With photography as the dominant way of seeing others and ourselves, the portrait is often perceived as a medium that belongs to the 20th century, if not the 19th century. This is adamantly not the case for British artist David Hockney. Predominantly a painter, he has embraced the portrait as a means of penetrating the soul since 1966 when he did his first portrait, that of his art dealer friend Nick Wilder.
It is Hockney’s belief in the inherent honesty of the portrait which makes him faithful to the medium, like his predecessors Balthus and Francis Bacon. He once said, “I’m quite convinced painting can’t disappear because there’s nothing to replace it. The photograph isn’t good enough. It’s not real enough.”
The traveling exhibition David Hockney: 82 Portraits and 1 Still-life, currently showing in Guggenheim Museum, Bilbao, tells it as it is (like the title) and is a much more ambitious effort from the 80-year-old, compared with the 30 plus large-scale double portraits in watercolor he made between 2002 and 2003. Even in his twilight years, Hockney is unstoppable and possesses an enviable work ethic – he did the first of 82 portraits in July 2013, just nine months after he suffered from a minor stroke, a testament to the healing power of art.
Painted in Hockney’s studio in Los Angeles from 2013 to 2016, the 82 portraits, each completed in just three days, showcase his close-knit family and circle of friends. Even though each portrait is of the same size, with the same blue-green background (harking back to his 1960s swimming pool series which catapulted him to fame) and the subjects sitting in the same decidedly unglamorous yellow upholstered chair, the personality of each sitter shines through thanks to Hockney’s acute observation of and emotional bond with them.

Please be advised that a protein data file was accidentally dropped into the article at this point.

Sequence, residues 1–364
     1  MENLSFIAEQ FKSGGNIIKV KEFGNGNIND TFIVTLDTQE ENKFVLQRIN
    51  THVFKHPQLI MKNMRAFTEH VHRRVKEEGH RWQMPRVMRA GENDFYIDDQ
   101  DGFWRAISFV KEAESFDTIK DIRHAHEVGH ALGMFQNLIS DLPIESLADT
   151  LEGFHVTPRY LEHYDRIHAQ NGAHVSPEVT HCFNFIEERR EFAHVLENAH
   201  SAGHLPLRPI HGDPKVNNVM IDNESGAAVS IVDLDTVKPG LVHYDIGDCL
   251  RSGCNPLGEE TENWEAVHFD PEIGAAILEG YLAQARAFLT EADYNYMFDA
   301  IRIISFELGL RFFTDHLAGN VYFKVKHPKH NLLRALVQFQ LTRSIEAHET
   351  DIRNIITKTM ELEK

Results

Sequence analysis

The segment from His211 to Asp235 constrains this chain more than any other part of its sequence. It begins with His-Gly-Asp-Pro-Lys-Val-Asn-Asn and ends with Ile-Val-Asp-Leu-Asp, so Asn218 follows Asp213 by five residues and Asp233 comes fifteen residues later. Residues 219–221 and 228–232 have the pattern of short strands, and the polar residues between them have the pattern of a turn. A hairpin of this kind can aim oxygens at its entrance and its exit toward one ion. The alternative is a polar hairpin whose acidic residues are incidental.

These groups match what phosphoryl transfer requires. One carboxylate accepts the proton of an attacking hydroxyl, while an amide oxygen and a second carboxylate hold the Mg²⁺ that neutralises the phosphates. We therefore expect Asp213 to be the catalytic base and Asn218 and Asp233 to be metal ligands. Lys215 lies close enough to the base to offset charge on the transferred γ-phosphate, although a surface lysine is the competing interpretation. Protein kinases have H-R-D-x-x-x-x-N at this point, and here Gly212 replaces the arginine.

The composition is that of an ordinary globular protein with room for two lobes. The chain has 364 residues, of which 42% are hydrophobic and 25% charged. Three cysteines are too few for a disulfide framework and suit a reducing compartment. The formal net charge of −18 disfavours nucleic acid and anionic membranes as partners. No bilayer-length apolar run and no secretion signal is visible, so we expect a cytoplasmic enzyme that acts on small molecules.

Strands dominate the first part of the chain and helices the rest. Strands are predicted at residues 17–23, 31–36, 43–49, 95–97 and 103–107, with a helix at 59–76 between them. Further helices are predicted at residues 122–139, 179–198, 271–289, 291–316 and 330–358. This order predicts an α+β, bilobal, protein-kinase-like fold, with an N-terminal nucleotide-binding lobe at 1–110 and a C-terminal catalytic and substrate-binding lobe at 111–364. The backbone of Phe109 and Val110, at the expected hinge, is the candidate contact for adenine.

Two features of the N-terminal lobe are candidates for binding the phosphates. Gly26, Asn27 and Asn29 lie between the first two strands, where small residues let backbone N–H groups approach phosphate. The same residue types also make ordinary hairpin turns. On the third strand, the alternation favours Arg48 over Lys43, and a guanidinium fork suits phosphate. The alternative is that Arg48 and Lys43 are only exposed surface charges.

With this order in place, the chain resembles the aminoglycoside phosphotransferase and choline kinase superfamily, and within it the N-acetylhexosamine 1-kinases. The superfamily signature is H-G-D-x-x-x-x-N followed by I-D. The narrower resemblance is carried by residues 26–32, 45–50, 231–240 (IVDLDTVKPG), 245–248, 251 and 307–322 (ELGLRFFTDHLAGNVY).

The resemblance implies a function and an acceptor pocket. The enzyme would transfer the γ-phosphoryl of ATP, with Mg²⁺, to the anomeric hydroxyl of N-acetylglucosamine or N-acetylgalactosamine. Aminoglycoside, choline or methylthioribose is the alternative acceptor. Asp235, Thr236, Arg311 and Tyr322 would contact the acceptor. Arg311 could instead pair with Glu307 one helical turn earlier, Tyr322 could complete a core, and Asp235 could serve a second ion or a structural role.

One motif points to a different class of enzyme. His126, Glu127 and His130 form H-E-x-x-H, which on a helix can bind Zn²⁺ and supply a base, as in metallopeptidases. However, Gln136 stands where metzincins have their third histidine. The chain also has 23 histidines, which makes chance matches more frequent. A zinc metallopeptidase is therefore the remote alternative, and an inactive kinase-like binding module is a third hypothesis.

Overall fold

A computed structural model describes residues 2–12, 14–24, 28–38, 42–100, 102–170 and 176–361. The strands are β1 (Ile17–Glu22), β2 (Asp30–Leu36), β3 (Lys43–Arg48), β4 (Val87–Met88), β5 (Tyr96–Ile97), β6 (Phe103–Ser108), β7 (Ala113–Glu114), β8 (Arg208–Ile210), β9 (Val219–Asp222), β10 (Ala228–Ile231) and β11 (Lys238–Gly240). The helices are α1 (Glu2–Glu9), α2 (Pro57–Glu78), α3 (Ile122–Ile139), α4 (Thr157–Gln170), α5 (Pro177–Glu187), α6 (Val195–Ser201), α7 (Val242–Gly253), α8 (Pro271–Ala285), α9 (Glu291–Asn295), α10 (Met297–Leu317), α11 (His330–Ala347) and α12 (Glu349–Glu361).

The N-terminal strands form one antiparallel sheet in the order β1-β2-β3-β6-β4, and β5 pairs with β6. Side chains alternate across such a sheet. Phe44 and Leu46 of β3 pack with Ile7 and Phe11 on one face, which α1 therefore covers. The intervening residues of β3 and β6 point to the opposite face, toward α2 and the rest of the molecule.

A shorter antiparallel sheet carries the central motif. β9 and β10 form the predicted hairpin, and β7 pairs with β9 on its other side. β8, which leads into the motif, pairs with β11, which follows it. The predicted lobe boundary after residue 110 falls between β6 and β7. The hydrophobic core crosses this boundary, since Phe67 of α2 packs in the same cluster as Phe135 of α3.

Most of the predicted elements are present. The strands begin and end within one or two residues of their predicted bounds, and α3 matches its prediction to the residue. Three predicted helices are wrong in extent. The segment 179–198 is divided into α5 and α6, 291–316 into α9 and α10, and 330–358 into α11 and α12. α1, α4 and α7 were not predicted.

I myself am particularly touched by his portrait of his constant muse and trusted friend fashion designer Celia Birtwell, whom he has been painting since the 1960s throughout most of her adult life. With her hands placed squarely on her lap and her gentle and steady gaze, Birtwell’s portrait exudes the tenderness of Hockney’s paintings of his late mother, who was also his constant muse.
The full-length portraits, which include the feet of those portrayed, demonstrate that the chosen footwear is just as telling as an overarching eyebrow or fingers clenched together or a lopsided smile. Hockney understands that it’s the footwear that makes the man and in as early as 1975 he took the iconic and idyllic photo Self-Portrait Gerardmer France in which he did some feet flaunting with his signature mismatched socks and shoes.
Hockney made no attempt to airbrush his subjects’ imperfections from the 82 portraits – each lively brushstroke was honest and amounted to a truthful testimonial – this is why his body of work is a celebration of the quirks that make us unique snowflakes in the dance of life.
David Hockney: 82 Portraits and 1 Still-life
2017.10.10 – 2018.2.25
Guggenheim Museum, Bilbao Spain
2018.4.15 – 7.29
LACMA Los Angeles County Museum of Art
Photo courtesy to the artist